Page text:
Online Media’s Number Problem

Last night, the Awl passed around the internal memo from Nick Denton announcing that Gawker Media’s sites (Gawker, Deadspin, Kotaku, the obvious Fleshbot, etc.) had officially passed all but one newspaper in terms of eyeballs to its content. Being bigger than just about everyone online except for the New York Times and the Huffington Post is absolutely nothing to sneeze at, and you have give Denton credit for everything he’s done in the growth of one gossip/media/culture blog into a network of news sites.  As Denton wrote in his announcement:

The network as a whole drew 17.8m domestic visitors for the month. Let’s put that in context. How do we stack up, against the established names in online news. Last time we measured ourselves against the traditional newspapers’ online operations, we were fourth. But we’ve overtaken both the Washington Post and USA Today, according to Comscore. And, in this category, we’re behind only the New York Times.

Denton’s measurement is perceived to be the most important online, and for the sales side of media, impressions and the base number of people who view the content are crucial. It determines reach in absolute terms (as opposed to the imbalance inherent in the page-view measurement), and represents audience size. By this, Denton is right, he ultimately has a bigger visitor number to his network’s different sites. You have to imagine that a site or network’s visitors broadly depict the right volume of eyeballs and not just clicks, and according to Nick’s numbers, they are doing better than really just about everyone.

Well, kind of, and Lucas Graves explained at CJR the overarching number problem:

By comparison, computer networks are a paradise of audience surveillance. Why expect media outlets, agencies, and advertisers to abide by the gospel of one ratings firm, to only talk about one number, with so much lovely data pouring in from so many sources? “People use whatever numbers look good that month. It gives publishers some flexibility,” says Kate Downey, director of “audience analytics” at The Wall Street Journal, which subscribes to Nielsen, comScore, Omniture, and HitWise. “I think if everybody had the same numbers, we would hate that even more.”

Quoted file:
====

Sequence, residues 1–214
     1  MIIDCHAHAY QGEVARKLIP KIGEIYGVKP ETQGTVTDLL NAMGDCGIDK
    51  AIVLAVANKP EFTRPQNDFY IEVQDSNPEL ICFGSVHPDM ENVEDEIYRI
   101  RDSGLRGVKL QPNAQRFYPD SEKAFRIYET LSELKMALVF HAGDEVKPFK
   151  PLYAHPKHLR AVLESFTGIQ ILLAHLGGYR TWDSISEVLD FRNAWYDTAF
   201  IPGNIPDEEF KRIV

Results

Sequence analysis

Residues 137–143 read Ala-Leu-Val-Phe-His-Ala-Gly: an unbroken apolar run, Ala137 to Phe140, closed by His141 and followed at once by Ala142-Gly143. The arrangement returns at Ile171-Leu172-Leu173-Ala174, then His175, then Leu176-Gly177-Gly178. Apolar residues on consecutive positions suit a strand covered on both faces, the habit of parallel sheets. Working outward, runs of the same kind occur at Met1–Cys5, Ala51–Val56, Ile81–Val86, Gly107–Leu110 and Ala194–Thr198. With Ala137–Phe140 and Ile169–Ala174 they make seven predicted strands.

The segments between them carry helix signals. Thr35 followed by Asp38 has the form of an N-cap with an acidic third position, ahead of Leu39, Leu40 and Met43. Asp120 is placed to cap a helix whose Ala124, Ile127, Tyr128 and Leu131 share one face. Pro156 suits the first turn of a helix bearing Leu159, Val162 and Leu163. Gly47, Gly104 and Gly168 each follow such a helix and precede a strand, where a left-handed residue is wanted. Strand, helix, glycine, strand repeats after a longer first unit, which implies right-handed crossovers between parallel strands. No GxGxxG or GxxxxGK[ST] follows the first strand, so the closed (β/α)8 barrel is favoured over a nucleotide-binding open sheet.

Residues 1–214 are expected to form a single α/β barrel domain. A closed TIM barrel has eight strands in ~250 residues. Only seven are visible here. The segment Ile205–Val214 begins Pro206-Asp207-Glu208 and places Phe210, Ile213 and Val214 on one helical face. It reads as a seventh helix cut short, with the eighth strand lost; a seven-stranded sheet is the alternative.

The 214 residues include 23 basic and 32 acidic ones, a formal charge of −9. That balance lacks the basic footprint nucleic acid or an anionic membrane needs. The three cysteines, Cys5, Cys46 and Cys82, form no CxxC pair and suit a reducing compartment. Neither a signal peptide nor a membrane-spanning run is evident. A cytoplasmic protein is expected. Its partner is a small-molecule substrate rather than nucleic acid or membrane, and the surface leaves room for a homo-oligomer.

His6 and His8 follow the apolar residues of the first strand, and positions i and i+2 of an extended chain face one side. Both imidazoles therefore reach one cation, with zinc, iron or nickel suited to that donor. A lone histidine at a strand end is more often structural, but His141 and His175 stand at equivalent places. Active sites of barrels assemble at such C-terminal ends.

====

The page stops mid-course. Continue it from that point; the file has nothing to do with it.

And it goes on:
What, you thought I was going to make the “Gawker’s network counts people twice because it splits the audiences across verticals and interest can overlap between, say, low-brow sports and high-brow adult content” argument? That’d be easy.

I can give you a decent guess at the number of people who come through my site, but even at the low volume I get (trust me, I’m a farm system blogger), the two tracking tools I use differ anywhere between three and five percent. Scale that to a real-sized media organization or blog, and the error of margin is getting grand. The moral of the story is that bloggers and media will always use the number that helps them the most, makes the best point. That’s right, this is the “Lies, Damn Lies and Statistics” argument.

Let’s take a lap over to another of my favorite examples in terms of fuzzy math: Mashable. At #3 on the Technorati Top 100 (and the irony of citing statistics is ripe here), it obviously has significant amounts of incoming links to accompany the other components that Technorati takes into its algorithm for comparison. They’re doing well, no denying, and the success comes from prolific content that is broad to the social media sect.

Alright, now the fun. If you ever get bored when looking at measurements, my favorite comparison are the number of tweets a certain Mashable article gets in relation to both the number of clicks and number of comments. There is some sort of social desirability in the vacuum of online media that pushes Pete Cashmore’s face out there through the retweet button as humanly often as possible, yet for the often 4-digit times these stories are tweeted…you’d have to expect greater discussions or clicks than a handful of comments. Thanks to BackTweets (h/t @AppleGirl), here’s some data for a recent Mashable piece (that, yes, I happened to be quoted in, so call it a diva moment if you will):

There are more tweets than clicks, and minimal comments across all these networks. But I know that if I’m Mashable, I’m talking about the Twitter reach, and that big impressions number that Backtype offers. Who cares that the conversation doesn’t really get going? You have something to say the audience was massive, and someone will absolutely be impressed.

Online Media’s Number Problem? It’s convenient. Whether you’re Nick Denton, Mashable, a part time blogger or the New York Times, the number you want is out there, and as long as volume means something to advertisers, that’s where it will be. This isn’t about editorial reach, it’s about eyeballs for sales. And there’s nothing wrong with trying to make money as an online media entity – but the challenge of determining who’s first will only get harder.

(CC) Photo via Flickr user Rogiro

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